More than 40 percent of insect species declining, could have ‘catastrophic’ results, study says
More than 40 percent of the world’s insect species could go extinct over the next several decades leading to “catastrophic” results for the planet’s various ecosystems, a new study says.
The study published in the April edition of the peer-reviewed journal Biological Conservation said dung beetles, butterflies, moths, bees and wasps are among those species that appear to be the most affected.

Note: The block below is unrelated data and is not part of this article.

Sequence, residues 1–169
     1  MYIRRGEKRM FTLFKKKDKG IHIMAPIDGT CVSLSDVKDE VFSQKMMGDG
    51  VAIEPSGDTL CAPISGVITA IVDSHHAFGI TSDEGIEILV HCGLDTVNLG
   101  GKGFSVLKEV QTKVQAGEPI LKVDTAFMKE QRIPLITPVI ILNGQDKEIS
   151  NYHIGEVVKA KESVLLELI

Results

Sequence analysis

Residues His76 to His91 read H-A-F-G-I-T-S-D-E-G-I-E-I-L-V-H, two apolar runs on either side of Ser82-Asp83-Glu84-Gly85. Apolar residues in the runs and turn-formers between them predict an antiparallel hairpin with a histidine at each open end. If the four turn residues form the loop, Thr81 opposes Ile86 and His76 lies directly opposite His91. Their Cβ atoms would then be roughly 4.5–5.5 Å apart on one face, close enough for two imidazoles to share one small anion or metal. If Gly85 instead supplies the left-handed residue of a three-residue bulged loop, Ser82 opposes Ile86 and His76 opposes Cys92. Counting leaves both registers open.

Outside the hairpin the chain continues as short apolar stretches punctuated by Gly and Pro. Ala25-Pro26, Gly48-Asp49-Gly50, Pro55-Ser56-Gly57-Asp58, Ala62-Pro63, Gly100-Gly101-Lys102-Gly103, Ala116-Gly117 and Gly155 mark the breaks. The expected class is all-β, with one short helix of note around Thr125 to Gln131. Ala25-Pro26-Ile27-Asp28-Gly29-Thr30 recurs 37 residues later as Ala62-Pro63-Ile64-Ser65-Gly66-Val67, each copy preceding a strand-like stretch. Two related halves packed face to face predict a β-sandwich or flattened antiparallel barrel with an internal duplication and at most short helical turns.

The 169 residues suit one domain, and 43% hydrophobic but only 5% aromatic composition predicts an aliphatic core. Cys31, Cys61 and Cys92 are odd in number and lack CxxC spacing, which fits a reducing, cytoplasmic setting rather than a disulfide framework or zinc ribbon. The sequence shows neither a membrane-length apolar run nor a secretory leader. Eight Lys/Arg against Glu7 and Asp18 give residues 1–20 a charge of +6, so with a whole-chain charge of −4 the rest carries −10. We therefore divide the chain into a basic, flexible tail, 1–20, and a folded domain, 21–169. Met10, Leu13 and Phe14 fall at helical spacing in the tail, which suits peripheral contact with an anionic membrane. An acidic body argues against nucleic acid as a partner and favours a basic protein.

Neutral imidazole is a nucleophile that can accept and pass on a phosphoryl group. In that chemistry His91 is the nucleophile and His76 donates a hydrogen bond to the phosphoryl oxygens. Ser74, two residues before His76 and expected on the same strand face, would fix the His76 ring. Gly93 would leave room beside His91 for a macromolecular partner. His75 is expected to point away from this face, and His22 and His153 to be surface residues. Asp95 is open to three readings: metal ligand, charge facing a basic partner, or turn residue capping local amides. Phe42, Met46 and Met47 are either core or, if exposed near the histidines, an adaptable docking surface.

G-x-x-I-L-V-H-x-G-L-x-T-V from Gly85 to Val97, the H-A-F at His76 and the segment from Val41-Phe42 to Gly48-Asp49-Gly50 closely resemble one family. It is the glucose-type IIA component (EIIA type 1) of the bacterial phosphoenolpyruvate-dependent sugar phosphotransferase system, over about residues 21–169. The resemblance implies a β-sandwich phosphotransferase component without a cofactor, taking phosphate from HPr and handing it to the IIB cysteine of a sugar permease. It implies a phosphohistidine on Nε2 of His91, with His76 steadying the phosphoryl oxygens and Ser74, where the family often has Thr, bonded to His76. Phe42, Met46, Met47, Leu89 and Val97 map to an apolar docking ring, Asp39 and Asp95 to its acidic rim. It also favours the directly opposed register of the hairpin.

The study cites habitat loss due to “intensive agriculture and urbanization,” pollution and climate change as key reasons for the rapid declines.
“The repercussions this will have for the planet’s ecosystems are catastrophic to say the least, as insects are at the structural and functional base of many of the world’s ecosystems,” reads an excerpt from the study conducted by researchers at the University of Sydney, the University of Queensland and the China Academy of Agricultural Sciences.
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